Farewell to Thee, My Father

His second child, - my second of four older brothers - passed away just five months ago.

I was never really sure how much this news affected him.  He wept, but on subsequent visits, we never spoke about brother Brian's death.  I would have, had my dad initiated it.  But no.  Nothing. 

Was it the British 'stiff upper lip'? 

'Chin up and get on with it'? 

Or was it the opacity of dementia?

Some days, his cloudy brown eyes would drizzle tears - and then, momentarily -  he was asking for an item to be added to the shopping list. 

Oh, the dread, the pain of having to tell his wife - my lovely mam - that he had left us.  She knew he was soon to depart this world.  She was waiting.  She had predicted that the third day of his illness would be "the day". 

She was right.

She lifted her frail hand to her face and cried gently...."He has left me a few times during the earlier part of our 67 years.  I should be used to it.  But this is different..."

"Gonna take a sentimental journey
Gonna set my heart at ease
Gonna take a sentimental journey
To renew old memories"

Oh, the anguish of the widow!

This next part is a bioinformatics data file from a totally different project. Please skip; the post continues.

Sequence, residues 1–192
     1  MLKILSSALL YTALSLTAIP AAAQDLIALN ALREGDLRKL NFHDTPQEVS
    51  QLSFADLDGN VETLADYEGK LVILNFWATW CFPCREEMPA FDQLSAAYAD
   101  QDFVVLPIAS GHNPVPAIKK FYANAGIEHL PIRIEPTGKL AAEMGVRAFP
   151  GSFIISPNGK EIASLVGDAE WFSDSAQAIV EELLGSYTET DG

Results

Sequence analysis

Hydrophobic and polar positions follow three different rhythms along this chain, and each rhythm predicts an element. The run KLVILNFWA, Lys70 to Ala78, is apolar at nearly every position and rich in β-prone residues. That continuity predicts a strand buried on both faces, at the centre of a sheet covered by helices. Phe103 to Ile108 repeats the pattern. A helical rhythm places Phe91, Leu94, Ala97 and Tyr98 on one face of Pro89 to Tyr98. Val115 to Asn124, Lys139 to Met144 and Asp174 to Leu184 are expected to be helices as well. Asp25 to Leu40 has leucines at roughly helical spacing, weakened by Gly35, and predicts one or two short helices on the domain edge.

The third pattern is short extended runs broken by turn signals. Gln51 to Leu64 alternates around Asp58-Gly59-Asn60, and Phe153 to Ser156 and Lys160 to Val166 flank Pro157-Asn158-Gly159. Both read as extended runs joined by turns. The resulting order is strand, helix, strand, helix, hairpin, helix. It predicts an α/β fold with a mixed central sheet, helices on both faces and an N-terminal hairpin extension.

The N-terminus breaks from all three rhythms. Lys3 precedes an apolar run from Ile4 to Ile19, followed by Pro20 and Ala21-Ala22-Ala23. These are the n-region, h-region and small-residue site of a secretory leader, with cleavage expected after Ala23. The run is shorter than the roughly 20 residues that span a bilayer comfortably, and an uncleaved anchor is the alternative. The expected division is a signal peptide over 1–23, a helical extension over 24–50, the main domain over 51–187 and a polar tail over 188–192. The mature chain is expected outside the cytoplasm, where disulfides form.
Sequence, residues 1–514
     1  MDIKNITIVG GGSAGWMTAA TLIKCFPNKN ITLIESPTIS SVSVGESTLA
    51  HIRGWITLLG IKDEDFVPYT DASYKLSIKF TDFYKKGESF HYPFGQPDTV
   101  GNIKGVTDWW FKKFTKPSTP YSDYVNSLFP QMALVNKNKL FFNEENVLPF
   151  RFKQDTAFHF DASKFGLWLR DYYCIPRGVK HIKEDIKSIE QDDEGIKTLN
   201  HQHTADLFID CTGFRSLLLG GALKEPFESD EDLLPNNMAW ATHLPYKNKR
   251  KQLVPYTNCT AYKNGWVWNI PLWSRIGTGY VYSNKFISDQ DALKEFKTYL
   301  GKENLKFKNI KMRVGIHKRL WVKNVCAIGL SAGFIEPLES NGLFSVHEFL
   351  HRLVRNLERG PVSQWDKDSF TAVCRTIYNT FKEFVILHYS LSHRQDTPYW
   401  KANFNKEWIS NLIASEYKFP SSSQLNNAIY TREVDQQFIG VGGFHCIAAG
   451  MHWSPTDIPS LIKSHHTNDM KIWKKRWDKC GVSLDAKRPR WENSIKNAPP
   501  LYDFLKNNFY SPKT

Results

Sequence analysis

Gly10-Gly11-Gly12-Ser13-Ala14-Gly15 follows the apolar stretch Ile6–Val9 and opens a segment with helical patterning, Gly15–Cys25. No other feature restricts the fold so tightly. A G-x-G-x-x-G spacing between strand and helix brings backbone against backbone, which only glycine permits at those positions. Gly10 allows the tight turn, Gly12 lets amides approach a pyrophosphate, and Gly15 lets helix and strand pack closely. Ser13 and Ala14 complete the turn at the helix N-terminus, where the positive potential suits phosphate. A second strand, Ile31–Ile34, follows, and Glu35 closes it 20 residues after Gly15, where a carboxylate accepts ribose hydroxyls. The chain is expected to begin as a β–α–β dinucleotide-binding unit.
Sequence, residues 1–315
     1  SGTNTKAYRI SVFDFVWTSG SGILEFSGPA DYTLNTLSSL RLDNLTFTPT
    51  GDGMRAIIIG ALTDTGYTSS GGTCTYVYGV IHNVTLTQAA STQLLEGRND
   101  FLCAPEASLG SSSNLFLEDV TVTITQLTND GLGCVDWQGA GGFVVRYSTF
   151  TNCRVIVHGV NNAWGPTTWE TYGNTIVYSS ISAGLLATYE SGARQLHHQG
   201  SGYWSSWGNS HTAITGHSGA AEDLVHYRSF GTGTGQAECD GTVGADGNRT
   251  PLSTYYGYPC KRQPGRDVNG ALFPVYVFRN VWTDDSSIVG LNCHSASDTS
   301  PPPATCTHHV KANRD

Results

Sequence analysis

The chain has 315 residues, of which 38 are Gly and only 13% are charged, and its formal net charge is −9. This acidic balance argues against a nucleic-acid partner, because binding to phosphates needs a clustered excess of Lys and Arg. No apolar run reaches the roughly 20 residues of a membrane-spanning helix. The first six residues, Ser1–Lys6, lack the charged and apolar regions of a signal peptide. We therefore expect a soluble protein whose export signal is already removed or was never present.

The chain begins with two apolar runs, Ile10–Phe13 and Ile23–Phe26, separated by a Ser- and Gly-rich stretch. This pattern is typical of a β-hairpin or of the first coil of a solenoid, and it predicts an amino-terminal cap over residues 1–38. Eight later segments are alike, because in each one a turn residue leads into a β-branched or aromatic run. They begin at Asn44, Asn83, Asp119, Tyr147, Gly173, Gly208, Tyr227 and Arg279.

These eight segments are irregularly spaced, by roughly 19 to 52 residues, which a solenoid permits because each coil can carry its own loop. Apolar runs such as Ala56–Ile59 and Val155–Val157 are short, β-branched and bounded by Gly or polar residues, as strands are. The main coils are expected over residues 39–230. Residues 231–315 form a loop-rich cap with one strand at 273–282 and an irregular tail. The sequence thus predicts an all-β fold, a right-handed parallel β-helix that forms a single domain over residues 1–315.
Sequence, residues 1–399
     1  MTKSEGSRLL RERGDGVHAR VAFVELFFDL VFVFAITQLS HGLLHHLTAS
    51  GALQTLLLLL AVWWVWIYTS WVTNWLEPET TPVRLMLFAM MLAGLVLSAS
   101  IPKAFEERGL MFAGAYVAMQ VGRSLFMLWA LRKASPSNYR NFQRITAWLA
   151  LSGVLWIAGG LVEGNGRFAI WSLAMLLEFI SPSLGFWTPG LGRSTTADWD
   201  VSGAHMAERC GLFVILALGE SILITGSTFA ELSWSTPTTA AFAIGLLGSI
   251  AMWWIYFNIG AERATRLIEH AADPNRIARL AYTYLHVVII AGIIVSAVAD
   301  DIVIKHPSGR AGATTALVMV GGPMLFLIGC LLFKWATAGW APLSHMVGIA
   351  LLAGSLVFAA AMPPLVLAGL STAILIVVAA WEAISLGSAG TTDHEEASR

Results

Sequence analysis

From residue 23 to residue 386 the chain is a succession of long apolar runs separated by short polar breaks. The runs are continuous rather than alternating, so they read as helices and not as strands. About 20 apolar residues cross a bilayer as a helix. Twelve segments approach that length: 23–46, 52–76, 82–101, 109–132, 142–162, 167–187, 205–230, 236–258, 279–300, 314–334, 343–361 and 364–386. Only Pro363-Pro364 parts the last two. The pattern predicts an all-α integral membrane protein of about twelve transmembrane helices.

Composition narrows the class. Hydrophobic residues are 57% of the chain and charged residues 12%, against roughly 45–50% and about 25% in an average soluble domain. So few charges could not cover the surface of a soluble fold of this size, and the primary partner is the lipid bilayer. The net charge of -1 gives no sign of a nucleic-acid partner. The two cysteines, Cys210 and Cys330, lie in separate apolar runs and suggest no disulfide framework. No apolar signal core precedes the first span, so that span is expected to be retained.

The agony. 

The grief.

I am so very grateful for my father. He was absolutely perfect for me. He was my jiggly belly gadget man. Soft, and tender hearted. Introverted. A loner, yet still comfortable in company - preferring to listen than to speak.

"I heard about a mansion He has built for me in glory
And I heard about the street of gold beyond the crystal sea
About the angels singing and the old redemption story
Oh and some sweet day I'll sing up there the song of victory"

I love you, Herbert Brian Hudson - BA PhD 
(Born again.  Past having doubts - HB Hudson)

Wednesday 28 March 2018

Farewell to Thee, My Brother

I learn that in death there are SO MANY lessons on life. Good lessons. I learn that my grief is secondary to the grief of others that I love. Others that loved him. I want to comfort them. In my rainbow tears, I realise the love I have for all those that loved him. But even every day life - between the sadness, I have "eyes to see". 

I am aware. 

Never before have I been so much in the moment.

My brother knew his time was nigh. That it was getting closer, but alas - I doubt he expected it when it happened.